He had caught up with her by the bathroom — where for some reason she lately sits and cries — spun her roughly round by her still naked shoulder, excruciating to see in all its inexpressible, provocative splendour, and struck her across the face while trying not to look in her eyes, which he knew were brimming with tears, and beset with longing, and something else, when she looked at him. Most of all, of course, there was fear in anticipation of the blow. The smack resounded loudly; his wife fell and may even have screamed. She curled into a heap on the floor, right there at the bathroom door, shielding herself with her arms. What had she screamed? Oh, what difference does it make, after all? ‘Don’t, oh please, don’t!’ Same as usual, same old repertoire.
He hunched over her, shouting that if it ever happened again, if she ever allowed Bertrand to kiss her hands — kiss them! — no, if she dared even give Bertrand her hands, hold them out to him, he would simply toss them both outside, him and her both, humiliating her before all the neighbours.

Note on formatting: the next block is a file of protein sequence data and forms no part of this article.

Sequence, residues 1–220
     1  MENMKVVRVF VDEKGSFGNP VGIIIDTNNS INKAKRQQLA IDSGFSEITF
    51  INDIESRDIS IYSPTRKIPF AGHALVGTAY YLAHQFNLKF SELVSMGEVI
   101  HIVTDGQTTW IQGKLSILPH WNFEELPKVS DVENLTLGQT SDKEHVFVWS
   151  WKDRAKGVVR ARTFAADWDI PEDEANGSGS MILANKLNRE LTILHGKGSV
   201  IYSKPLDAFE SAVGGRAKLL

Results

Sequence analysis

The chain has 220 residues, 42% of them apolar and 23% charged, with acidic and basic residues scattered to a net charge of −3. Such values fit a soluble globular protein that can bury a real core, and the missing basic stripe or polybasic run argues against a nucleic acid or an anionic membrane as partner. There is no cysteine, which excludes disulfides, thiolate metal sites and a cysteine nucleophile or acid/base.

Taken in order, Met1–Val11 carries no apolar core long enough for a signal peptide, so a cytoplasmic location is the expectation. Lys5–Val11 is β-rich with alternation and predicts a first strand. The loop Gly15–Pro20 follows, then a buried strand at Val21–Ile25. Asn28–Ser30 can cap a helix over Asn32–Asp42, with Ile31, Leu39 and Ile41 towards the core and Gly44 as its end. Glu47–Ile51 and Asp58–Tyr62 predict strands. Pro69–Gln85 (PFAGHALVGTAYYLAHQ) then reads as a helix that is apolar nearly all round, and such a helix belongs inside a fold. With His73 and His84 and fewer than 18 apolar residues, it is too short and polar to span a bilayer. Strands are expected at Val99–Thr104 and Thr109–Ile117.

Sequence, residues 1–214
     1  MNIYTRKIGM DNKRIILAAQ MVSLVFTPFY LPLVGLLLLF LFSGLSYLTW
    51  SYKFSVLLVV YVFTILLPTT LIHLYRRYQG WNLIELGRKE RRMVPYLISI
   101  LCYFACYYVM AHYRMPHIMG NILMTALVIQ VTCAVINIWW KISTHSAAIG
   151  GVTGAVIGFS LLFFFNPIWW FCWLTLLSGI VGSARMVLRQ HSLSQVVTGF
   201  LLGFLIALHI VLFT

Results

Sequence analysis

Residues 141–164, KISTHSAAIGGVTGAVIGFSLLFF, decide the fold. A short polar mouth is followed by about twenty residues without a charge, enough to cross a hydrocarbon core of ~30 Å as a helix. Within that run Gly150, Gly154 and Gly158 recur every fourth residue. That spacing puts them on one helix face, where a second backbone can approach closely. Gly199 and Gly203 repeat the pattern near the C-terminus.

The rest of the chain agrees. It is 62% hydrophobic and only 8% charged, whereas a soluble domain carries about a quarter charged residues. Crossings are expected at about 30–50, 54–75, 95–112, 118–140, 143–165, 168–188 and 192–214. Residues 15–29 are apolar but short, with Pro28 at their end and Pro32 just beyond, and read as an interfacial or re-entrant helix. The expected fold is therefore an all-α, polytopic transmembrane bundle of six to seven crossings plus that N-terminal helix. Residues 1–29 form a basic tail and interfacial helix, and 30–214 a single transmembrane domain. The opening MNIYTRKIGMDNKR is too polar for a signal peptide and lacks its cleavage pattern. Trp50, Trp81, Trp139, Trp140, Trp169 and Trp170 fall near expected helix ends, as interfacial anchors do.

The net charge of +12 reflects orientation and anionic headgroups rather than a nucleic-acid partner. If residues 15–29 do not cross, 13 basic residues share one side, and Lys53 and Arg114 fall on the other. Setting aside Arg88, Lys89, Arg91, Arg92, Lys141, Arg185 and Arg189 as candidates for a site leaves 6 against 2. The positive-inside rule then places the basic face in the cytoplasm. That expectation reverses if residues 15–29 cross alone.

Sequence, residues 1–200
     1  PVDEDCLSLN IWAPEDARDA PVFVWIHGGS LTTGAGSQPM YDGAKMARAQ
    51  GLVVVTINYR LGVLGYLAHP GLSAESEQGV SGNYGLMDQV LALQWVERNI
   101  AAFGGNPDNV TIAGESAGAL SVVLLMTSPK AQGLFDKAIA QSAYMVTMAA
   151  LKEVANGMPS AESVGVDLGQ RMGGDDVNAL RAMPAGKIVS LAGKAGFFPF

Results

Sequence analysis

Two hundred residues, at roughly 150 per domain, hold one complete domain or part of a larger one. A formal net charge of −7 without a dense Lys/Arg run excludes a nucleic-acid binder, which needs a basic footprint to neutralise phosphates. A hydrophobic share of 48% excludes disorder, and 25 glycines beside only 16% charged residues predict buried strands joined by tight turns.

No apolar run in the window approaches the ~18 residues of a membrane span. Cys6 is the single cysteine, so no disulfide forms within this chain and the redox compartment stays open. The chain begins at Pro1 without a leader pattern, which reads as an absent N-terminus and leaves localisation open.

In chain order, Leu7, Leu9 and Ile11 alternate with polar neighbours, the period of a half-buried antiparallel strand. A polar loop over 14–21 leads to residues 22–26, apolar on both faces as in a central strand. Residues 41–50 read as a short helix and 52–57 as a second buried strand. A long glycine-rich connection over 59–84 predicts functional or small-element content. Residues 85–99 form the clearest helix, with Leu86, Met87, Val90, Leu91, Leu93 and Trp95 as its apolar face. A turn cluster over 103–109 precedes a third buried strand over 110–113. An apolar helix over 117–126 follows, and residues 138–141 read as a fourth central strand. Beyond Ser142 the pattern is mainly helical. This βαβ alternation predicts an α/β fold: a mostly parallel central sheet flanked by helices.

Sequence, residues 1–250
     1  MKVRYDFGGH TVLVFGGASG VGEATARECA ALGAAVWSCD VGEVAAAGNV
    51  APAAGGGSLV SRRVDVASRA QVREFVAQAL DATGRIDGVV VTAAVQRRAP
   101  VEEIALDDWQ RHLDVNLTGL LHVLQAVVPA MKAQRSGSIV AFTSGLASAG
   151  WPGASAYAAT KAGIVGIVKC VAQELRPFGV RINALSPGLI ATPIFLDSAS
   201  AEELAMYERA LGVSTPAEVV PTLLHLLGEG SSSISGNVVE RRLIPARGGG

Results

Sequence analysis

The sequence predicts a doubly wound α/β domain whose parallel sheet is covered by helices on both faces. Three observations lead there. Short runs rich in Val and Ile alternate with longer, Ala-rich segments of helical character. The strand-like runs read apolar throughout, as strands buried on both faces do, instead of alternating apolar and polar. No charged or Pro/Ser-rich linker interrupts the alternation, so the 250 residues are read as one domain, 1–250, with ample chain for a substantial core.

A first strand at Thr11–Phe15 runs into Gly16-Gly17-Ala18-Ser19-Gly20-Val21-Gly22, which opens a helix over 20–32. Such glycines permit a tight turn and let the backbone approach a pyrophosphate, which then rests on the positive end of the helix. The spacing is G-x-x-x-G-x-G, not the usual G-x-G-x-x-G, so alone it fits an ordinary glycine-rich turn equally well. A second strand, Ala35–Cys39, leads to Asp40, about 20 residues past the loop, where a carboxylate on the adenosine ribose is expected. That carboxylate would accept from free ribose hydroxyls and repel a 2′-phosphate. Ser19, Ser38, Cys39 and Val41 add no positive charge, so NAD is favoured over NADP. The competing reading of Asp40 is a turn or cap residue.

‘I don’t understand! What are you talking about?’ Vera cried, but he could barely hold back from striking her again. He lifted her from the floor by her hair, clenching his teeth. She was so beautiful. He loved her so much. If she could only — just for a moment — imagine the infinite agony of his love for her… He would give his life for her with pleasure, but she was not worthy of it. He did not have the power to make her his, alone.
His head ached terribly, unbearably: before, he still recalls, the attacks had come in waves, sometimes receding. When Vera left for work, Nikolai still couldn’t remember whether he had hit her or not. Whatever happened, on that day he was finally convinced of something he’d long suspected: his wife was a sly and cunning slut. What else could you expect from an actress?
But that morning, so it seemed, he had not hit Vera after all. He clearly remembered wanting to hit her when he’d caught up with her at the bathroom door, but he had controlled himself, so as not to frighten her, as he told himself. Do not frighten the butterfly. Why then was she lying on the floor, and was he bending down, lifting Vera with her wet face, wet eyes with tears that rolled incessantly, one after the other, as if afraid of falling behind? Why were her eyelashes wet and caked, and were there clumps of hair in the palm of his hand?
And the reason he hadn’t hit her was this: so as not to frighten her away. A butterfly must be approached with utmost care; your movements must be careful, and not even a shadow should fall upon it. A butterfly can be startled by a single glance.